Budgeting can be very challenging, especially if you are just starting out. The good news, it DOES get easier. But even those who have been budgeting for a while might not be perfect. Here is a list of the most common budgeting mistakes I see. Are you doing these?
Budgeting is a lot like dieting, you have a vision for how it is going to go and then you plan for that vision. Like when you go on a diet and buy a bunch of groceries to make salads and couscous and then a month later you are stuck cleaning out your fridge. This happens in budgeting also!
People plan a budget with their ideal scenario in mind, no eating out, no entertainment, just bills. The problem is this doesn’t account for your actual life and your actual spending habits. Yes, as part of the Financial Freedom Journey you must evaluate your expenses and make cuts. But your budget must be created in a way that you know can get you through the month without overspending. Otherwise, you are just wasting your time creating one.
Plan a budget that cuts out the unnecessary expenses, but keeps the expenses you need to make it through a month without failing.
Under Budgeting and Over Delivering
Many times people assume in their budget that the expense will be on the low-end so they can stretch their money further when building a budget. The problem is if you assume your electric bill will be $90 and it comes in at $105 then you have a $15 gap to fill from another category or risk taking on more debt.
Instead of planning for the best case scenario, plan for the worst. If you spend on average $195 for fuel each month, then don’t plan $175 in your budget, with the expectation you will drive less. Instead plan for $200 and then actually drive less. When the month is over you will probably have $10+ left rather than struggling to find how to make ends meet.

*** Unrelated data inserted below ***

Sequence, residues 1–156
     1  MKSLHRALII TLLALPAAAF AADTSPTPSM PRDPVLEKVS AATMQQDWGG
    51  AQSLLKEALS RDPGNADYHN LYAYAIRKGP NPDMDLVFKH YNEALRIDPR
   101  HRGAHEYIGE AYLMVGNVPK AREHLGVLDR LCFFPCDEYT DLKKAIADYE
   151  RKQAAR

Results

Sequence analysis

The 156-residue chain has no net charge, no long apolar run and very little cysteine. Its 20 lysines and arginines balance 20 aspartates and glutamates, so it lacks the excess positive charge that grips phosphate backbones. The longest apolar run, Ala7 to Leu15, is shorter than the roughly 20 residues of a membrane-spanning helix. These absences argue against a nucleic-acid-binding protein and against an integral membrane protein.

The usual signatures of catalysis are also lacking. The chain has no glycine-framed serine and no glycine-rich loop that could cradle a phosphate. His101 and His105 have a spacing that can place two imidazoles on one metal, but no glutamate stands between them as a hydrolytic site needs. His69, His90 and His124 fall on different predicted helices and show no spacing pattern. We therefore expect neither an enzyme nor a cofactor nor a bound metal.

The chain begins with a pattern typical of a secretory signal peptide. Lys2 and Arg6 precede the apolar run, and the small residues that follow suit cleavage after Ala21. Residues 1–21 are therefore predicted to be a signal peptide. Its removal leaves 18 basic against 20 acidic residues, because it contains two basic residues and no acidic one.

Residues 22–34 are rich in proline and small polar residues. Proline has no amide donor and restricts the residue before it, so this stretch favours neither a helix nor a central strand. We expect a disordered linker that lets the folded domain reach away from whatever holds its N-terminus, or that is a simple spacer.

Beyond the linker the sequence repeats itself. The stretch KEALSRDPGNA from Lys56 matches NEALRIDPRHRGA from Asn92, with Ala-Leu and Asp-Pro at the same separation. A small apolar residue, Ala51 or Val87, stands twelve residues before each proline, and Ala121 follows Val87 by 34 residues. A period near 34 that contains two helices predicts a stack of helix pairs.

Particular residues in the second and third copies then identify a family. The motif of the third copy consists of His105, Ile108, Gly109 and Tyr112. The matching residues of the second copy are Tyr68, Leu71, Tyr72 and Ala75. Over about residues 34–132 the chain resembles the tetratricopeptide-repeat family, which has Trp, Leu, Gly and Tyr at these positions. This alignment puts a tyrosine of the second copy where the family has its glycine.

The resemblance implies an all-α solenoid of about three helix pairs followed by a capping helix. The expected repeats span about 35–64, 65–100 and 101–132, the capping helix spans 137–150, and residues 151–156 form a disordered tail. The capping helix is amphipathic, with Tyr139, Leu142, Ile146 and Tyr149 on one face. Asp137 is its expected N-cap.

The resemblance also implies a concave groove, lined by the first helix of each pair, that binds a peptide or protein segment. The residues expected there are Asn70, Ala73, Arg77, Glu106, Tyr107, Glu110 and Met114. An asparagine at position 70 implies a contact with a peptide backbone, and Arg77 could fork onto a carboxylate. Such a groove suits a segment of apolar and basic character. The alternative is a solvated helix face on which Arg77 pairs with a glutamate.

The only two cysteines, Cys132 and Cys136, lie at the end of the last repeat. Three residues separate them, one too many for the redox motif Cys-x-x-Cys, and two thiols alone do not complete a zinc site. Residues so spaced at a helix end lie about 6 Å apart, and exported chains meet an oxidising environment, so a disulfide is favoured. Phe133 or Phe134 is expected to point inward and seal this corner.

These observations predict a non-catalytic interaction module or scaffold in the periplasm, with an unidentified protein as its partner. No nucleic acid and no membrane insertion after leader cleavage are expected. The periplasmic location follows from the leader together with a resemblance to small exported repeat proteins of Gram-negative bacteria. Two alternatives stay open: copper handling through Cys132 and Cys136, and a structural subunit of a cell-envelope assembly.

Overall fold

Remember the “Surprise” Expenses
I bet a lot of times when you create your monthly budget you forget about the birthday gifts, school supplies, or the car registration. It happens, put these and other key money events on your calendar so that when you go to complete your monthly budget you can plan for these.
Also, for predictable larger expenses such as a Christmas gifts or homeowners insurance (if you don’t pay monthly), divide those expenses by the number of months until the next payment. This gives you the monthly amount you should be setting aside. I personally, transfer the money to an “Allocated Funds” checking account I have at my bank to ensure I don’t spend it. Then the next time that bill is due, you can pay it rather than panicking.
Budget with a Goal
We have talked a lot about the reason you are embarking on the Financial Freedom Journey. We discussed ensuring that you and your significant other both have a dream worth fighting for. When you budget you need to keep that dream in mind. Remember giving up the Travel Channel temporarily is worth being able to take a vacation later.
Additionally, keep the Financial Freedom Journey Stops in mind and also create your own milestones. You shouldn’t just celebrate and live for the end goal, but also individual goals too. Rather than look at your student loans as one big debt, analyze a way to break it up and create milestones. Maybe after you pay off 1/3 of your student loans you should go out for a nice dinner just the two of you. Keep the goal sensible to ensure you don’t get thrown off your Journey though, but make it exciting and something to look forward to and work for.
Budgeting can be amazing, but it can also lead to huge problems when not done properly. Don’t fall into these habits. Remember each month is different and if your budget was thrown off the month before, fix it and move on, it will be better next month. Happy Budgeting!
Your Financial Freedom Partner,